As the quest to identify what appear to be the remains of Josef Mengele reaches a climax in Sao Paulo, Brazil, a furious media war has erupted half a world away over the documentation rights to the Nazi war criminal's life on the run.

Two of West Germany's wealthiest publications are locked in a vitriolic duel, challenging each other's sense of truth, honor and greed as they auction off rights to material illustrating Mengele's odyssey as a fugitive in South America over the last three decades.

While the Munich-based weekly Bunte entertains offers to reprint snapshots and letters it received from the Auschwitz doctor's son, Stern magazine in Hamburg claims to have trumped that scoop with hundreds of photographs acquired from an Austrian couple, Wolfram and Liselotte Bossert, who sheltered Mengele during his last years in Brazil.

Both magazines appeared this week with an extensive array of pictures, some identical or taken at the same scene, of a Josef Mengele beaming proudly next to his son and enjoying the company of friends and their children.

Bunte ran excerpts from Mengele's letters with exclusive commentary by his son, but Stern struck a pose of civic duty. Stern said it was turning over all Mengele notes, letters and tape recordings in its possession to the Frankfurt prosecutor, Hans Eberhard Klein, who has been in charge of West Germany's hunt for the elusive Nazi war criminal for the past 11 years.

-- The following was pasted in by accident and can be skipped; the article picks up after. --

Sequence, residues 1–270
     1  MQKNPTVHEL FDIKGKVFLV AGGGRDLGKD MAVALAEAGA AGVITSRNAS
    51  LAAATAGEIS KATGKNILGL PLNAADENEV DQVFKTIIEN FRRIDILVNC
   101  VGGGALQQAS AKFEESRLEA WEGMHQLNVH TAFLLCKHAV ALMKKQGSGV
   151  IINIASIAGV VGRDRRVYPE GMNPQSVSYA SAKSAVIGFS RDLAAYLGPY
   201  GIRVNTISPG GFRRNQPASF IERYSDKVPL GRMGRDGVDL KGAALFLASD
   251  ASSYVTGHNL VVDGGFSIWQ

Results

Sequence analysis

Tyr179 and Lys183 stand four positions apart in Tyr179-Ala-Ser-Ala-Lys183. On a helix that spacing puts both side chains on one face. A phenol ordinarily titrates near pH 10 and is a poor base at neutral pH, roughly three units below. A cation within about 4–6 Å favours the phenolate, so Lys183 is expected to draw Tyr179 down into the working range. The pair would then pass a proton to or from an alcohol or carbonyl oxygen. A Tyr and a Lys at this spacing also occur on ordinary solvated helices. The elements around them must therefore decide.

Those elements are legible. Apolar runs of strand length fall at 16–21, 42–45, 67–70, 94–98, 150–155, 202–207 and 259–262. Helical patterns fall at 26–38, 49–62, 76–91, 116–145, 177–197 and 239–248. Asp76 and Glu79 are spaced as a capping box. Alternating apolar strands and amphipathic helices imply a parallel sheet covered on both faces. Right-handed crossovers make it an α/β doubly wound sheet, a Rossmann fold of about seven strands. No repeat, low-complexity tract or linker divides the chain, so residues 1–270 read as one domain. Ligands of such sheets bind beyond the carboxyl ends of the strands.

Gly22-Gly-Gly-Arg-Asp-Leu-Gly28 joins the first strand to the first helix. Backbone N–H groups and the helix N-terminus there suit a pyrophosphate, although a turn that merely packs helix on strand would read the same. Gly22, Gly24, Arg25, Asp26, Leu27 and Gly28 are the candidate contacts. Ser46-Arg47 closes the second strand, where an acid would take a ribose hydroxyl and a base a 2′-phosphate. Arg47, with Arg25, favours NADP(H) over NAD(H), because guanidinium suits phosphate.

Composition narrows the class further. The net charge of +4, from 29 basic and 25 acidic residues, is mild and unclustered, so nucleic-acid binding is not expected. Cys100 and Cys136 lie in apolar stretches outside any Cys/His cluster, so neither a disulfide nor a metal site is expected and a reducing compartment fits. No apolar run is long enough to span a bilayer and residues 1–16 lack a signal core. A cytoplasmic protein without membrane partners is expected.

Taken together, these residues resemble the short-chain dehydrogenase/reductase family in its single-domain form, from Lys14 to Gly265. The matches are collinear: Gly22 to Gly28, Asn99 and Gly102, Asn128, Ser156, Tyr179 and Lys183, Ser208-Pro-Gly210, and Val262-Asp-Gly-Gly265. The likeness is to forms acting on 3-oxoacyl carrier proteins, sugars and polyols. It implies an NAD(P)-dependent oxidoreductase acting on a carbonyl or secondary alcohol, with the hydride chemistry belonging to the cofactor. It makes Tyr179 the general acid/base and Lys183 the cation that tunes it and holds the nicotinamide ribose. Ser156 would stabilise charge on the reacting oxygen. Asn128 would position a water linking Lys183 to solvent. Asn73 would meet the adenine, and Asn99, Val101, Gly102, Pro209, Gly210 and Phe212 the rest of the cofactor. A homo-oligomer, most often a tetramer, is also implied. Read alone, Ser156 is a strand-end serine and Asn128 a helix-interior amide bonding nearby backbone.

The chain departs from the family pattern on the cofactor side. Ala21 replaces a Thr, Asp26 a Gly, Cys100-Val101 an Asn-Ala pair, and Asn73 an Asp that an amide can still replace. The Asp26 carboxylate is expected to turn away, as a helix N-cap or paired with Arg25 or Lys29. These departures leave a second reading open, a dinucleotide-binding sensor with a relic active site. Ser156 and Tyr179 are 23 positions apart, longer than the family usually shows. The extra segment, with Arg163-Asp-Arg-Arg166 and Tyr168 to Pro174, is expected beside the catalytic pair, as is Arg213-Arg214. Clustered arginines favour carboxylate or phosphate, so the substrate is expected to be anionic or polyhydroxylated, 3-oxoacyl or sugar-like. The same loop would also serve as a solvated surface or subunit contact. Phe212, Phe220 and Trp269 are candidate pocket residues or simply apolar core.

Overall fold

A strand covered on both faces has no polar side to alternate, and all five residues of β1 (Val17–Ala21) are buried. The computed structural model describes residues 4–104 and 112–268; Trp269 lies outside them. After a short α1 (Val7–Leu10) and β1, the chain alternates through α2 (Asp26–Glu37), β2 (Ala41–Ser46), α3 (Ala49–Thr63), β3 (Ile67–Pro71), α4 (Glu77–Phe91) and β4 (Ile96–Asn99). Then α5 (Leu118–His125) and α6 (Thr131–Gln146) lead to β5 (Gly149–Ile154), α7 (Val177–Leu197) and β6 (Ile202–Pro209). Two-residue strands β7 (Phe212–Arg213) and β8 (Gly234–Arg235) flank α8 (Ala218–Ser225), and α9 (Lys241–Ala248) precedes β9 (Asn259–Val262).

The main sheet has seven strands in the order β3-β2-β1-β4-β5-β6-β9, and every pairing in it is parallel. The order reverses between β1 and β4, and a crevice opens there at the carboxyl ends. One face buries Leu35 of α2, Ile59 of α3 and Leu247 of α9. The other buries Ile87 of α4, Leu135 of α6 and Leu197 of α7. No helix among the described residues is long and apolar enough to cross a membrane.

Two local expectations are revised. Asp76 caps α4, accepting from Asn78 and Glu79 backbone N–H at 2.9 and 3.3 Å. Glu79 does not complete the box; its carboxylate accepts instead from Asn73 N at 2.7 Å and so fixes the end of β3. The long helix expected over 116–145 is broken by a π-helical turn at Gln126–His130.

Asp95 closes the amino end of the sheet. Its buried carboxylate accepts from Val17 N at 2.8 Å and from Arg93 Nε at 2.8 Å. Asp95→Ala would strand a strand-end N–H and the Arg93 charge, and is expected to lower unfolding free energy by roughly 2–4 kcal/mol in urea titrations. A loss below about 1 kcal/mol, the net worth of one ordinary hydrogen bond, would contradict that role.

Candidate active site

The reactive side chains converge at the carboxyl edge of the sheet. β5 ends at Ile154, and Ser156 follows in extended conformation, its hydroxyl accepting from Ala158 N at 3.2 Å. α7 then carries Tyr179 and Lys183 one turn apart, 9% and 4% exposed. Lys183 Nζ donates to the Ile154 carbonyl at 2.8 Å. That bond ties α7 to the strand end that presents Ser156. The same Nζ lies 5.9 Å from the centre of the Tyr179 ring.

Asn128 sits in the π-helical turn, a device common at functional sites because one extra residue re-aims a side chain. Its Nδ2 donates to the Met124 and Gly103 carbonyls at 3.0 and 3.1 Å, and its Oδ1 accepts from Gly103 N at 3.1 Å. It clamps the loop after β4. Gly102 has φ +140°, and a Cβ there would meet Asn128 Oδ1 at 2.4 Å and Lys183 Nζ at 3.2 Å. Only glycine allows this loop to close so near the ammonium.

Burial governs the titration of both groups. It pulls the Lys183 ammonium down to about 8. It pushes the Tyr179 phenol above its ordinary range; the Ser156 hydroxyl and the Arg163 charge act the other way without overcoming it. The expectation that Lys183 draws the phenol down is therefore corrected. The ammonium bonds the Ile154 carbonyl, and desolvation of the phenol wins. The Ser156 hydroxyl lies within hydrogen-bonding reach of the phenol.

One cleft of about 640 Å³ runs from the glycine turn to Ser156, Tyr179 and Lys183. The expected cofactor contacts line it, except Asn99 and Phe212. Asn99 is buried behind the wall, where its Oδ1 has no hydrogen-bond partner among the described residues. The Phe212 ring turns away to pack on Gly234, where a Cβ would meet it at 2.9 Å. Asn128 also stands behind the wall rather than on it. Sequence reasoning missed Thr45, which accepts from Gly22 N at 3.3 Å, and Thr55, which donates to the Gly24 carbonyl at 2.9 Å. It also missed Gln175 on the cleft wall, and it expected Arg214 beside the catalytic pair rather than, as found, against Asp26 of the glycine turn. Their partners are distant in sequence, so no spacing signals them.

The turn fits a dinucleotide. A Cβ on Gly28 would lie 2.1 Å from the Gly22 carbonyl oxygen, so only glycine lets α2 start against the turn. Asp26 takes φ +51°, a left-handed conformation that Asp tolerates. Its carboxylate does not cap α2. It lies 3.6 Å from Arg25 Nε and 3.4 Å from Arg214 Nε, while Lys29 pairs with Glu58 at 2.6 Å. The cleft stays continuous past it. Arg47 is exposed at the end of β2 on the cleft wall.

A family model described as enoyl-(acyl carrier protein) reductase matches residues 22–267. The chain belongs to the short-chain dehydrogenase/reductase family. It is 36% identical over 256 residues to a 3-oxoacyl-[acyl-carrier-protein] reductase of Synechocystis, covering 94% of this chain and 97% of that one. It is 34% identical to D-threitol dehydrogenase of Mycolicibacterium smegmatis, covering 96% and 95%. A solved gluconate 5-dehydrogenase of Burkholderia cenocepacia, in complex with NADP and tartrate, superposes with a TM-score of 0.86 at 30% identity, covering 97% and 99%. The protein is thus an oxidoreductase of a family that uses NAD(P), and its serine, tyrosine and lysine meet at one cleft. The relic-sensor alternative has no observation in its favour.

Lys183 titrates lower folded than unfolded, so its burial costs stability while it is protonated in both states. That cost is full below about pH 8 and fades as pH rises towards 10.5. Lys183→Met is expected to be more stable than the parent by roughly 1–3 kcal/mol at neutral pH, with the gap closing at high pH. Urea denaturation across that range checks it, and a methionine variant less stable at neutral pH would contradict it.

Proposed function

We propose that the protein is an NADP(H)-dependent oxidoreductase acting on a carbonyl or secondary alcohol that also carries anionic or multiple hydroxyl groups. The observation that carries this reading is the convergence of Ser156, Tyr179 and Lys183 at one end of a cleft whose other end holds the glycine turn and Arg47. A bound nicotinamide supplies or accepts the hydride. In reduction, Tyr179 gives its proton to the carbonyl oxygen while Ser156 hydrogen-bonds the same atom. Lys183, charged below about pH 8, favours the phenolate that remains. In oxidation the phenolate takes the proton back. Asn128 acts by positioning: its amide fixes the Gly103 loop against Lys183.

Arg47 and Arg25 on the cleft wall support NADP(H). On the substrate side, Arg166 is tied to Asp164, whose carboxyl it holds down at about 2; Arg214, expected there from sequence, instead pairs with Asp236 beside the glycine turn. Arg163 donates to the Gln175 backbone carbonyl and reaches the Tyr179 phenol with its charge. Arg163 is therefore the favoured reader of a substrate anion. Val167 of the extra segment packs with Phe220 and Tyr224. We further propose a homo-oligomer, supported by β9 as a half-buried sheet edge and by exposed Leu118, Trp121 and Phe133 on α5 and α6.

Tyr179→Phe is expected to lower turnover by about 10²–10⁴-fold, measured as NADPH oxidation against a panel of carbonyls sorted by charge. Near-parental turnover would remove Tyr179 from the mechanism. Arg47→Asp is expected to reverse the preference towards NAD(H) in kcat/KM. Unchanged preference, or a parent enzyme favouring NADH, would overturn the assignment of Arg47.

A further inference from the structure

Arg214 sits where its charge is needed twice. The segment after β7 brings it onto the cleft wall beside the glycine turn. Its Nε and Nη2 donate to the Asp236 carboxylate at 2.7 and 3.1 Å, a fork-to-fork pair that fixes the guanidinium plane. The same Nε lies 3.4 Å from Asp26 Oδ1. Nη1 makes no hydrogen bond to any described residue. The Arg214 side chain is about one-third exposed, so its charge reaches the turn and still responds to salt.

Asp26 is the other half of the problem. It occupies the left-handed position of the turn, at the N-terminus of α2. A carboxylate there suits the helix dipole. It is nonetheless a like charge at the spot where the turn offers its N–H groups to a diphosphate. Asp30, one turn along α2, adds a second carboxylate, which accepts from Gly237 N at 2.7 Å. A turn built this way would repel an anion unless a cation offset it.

"We will not tell the story about Mengele's life of hide and seek, as told to Bunte by Mengele's son Rolf, because this is impossible to verify," said Ulrich Voelklein, a senior Stern editor. "We will only write what we know actually happened to him in the past 40 years."

Stern's reputation was badly damaged two years ago when it published with great fanfare what were touted as Adolf Hitler's secret diaries. The 60 volumes, for which Stern paid more than $3 million, were quickly shown to be primitive forgeries.

Bunte, already irked at losing its unique status as trustee of private Mengele archives, all but accused Stern of checkbook journalism and gold-digging at the expense of the Holocaust.

Norbert Sakowski, Bunte's deputy editor who has handled the Mengele series, underscored his magazine's "more tasteful and sensitive approach" by noting it paid no money to Rolf Mengele for the material, nor was the son seeking any payment for their exclusive arrangement.

The younger Mengele, a 41-year-old lawyer from Freiburg, ostensibly gave the material to Bunte to clear up the mystery of his father's existence and to end the public harassment of his family, according to Sakowski.

Apart from two public statements, in which he said he waited until now -- six years after the event -- to confirm his father's death to protect those who helped him over the years, Rolf Mengele has stayed in seclusion and refused interviews with all other publications.

Sakowski, who joined his present employer seven years ago after leaving Stern, stressed that Bunte was giving all profits to the Auschwitz survivors' fund. In crass contrast, he said, Stern was asking "hundreds of thousands of dollars from television networks for the pictures and will not give any of the money to the Jews."

Insisting "only we have the true scoop," Sakowski has charged that Stern, by going through the Bosserts, "is illegally obtaining material left by Mengele to his son."

Stern's editors retort that Bunte is publishing photographs that were taken by the Bosserts and given to Rolf Mengele but for which he holds no copyright.